We are, therefore, broadly in agreement with the -find- ing of the Tribunal that when an employee is completely exonerated meaning thereby that he is not 'found blameworthy in the least and is not visited with the penalty even of censure, he has to be given the benefit of the salary of the higher post along with the other benefits from the date on which he would have normally been promoted but for the disciplinary/ 803 criminal proceedings. However, there may be cases' where the pro ceedings, whether disciplinary or criminal, are, for example, delayd at the instance of the employee or the clearance in the disciplinary proceedings or acquittal in the criminal proceedings is with benefit of doubt or on account of non-availability of evidence due to the acts attributable to the employee etc. In such circumstances, the concerned authorities must be vested with the power to decide whether the employee at all deserves any salary for the intervening period and if he does, the extent to which he deserves it. Life being complex, it is not possible to anticipate and enumerate exhaustively all the circumstances under which such consideration may become necessary. To ignorehowever, such circumstances when they exist and lay down' an inflexi ble rule that in every case when an employ- ee is exonerated in disciplinary/ criminal proceedings he should be entitled to all salary for the intervening period is to undermine discipline in the administration and jeopar- dise public interests. We are, therefore, unable to agree with the Tribunal that to deny the salary to an employee would in all circumstances be illegal. While, therefore, we do not ap- prove of the said last sentence in the first sub-paragraph after clause (iii) of paragraph 3 of the said Memorandum, viz.. "but no arrears of pay shall be payable to him for the period of notional promotion preceding the date of actual promotion", we direct that in place of the said sentence the following sentence be read in the Memorandum:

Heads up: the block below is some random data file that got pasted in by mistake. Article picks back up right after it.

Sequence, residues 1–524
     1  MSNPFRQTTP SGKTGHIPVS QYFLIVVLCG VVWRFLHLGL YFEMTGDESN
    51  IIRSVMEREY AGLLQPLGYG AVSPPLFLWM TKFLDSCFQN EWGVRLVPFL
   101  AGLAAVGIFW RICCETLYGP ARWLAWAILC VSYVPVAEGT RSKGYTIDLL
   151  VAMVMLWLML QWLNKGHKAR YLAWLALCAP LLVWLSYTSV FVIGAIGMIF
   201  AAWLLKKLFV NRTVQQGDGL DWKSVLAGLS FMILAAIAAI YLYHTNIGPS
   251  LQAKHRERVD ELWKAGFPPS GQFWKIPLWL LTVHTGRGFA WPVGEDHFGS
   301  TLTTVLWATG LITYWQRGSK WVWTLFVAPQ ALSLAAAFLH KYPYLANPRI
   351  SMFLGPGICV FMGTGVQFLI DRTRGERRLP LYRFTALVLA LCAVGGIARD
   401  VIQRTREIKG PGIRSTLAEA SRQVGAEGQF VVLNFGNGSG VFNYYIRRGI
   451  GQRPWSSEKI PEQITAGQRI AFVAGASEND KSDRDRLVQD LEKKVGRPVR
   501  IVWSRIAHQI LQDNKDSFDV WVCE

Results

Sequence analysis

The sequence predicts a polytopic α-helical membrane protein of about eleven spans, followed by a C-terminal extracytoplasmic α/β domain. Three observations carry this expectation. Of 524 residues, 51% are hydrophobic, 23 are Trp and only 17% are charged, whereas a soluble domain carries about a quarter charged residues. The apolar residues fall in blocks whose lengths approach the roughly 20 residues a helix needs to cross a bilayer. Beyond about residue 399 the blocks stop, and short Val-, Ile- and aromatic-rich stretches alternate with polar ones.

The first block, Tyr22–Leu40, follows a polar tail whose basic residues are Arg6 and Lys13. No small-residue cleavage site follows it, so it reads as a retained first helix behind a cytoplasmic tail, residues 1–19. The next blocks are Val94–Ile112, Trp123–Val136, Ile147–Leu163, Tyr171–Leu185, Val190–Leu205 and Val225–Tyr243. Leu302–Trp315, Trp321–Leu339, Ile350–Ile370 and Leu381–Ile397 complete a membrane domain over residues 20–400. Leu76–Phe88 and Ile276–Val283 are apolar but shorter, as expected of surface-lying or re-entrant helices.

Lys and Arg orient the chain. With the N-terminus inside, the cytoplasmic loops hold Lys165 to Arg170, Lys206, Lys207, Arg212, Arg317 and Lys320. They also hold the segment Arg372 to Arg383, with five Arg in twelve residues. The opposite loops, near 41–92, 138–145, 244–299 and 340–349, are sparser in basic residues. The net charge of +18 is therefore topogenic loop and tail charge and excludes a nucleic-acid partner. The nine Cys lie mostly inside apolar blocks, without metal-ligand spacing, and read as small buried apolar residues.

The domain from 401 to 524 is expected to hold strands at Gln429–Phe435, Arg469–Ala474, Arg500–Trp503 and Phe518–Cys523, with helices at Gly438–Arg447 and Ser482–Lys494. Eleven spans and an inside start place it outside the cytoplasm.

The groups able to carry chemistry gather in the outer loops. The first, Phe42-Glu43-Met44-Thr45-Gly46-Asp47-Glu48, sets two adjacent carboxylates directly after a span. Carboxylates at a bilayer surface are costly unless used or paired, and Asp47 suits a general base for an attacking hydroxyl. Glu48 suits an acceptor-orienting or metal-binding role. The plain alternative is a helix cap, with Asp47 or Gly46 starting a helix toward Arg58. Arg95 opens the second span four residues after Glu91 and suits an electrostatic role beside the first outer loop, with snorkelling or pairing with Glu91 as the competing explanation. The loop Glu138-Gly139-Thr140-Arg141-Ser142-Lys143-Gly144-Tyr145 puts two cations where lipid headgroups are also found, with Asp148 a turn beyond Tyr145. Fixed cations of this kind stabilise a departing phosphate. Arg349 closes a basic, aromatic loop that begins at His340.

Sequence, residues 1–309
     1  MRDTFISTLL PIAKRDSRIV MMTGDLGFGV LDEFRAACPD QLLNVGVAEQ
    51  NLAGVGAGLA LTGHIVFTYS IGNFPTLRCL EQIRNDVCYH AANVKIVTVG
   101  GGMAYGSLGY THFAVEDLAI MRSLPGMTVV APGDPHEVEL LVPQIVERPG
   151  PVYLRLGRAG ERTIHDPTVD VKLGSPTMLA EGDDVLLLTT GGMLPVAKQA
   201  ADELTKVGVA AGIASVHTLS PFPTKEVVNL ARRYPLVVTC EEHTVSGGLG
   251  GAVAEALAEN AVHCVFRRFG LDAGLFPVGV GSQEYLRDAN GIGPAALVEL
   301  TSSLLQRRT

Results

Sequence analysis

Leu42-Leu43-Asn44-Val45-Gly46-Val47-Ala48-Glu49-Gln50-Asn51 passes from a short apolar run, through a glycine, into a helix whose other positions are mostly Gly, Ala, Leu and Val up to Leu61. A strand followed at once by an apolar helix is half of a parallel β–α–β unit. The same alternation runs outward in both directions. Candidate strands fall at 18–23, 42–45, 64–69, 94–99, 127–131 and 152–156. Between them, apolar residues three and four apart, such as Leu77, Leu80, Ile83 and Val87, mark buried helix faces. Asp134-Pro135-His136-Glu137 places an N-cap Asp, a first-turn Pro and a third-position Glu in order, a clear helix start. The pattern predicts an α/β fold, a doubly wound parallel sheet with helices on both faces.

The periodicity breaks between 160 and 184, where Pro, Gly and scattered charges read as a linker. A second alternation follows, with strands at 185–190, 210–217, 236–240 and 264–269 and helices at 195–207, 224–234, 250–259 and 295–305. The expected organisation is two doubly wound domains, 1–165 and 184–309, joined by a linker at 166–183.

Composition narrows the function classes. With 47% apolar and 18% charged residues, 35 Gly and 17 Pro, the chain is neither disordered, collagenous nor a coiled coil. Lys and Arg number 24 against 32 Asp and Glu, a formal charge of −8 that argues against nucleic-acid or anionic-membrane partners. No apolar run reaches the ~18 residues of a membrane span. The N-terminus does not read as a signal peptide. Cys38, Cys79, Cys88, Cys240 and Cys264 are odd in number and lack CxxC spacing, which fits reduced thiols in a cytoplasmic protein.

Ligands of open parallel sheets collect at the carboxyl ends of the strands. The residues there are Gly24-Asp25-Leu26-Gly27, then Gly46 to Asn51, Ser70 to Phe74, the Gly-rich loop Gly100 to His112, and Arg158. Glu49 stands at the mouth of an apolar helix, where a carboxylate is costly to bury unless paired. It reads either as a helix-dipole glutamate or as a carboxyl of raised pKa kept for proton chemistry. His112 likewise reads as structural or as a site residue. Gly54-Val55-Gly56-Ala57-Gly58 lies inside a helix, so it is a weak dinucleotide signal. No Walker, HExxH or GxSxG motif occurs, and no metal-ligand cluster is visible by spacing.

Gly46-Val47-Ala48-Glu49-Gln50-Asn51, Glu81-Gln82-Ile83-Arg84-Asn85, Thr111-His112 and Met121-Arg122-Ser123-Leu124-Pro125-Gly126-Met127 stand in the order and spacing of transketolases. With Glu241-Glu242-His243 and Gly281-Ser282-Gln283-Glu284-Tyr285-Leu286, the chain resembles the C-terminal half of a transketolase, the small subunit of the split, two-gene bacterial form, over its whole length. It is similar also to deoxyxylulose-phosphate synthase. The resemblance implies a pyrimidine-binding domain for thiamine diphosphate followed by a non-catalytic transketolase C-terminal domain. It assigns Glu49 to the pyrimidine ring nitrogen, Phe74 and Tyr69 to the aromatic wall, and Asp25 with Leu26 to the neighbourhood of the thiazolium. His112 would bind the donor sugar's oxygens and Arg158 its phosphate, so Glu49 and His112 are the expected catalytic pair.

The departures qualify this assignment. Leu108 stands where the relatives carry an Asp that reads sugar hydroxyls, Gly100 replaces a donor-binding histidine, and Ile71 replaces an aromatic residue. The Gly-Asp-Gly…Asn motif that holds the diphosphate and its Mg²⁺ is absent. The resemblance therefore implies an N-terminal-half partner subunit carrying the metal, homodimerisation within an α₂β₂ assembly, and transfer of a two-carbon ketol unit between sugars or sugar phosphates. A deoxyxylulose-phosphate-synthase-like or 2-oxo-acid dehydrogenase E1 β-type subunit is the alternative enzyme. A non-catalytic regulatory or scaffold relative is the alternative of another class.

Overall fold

"However, whether the officer concerned will be entitled to any arrears of pay for the period of notional promotion preceding the date of actual promotion, and if so to what extent, will be decided by the concerned authority by taking into consideration all the facts and circumstances of the disciplinary proceeding/criminal prosecution. Where the authority denies arrears of salary or part of it, it will record its reasons for doing so." To this extent we set aside the conclusion of the Tribu- nal on the said point.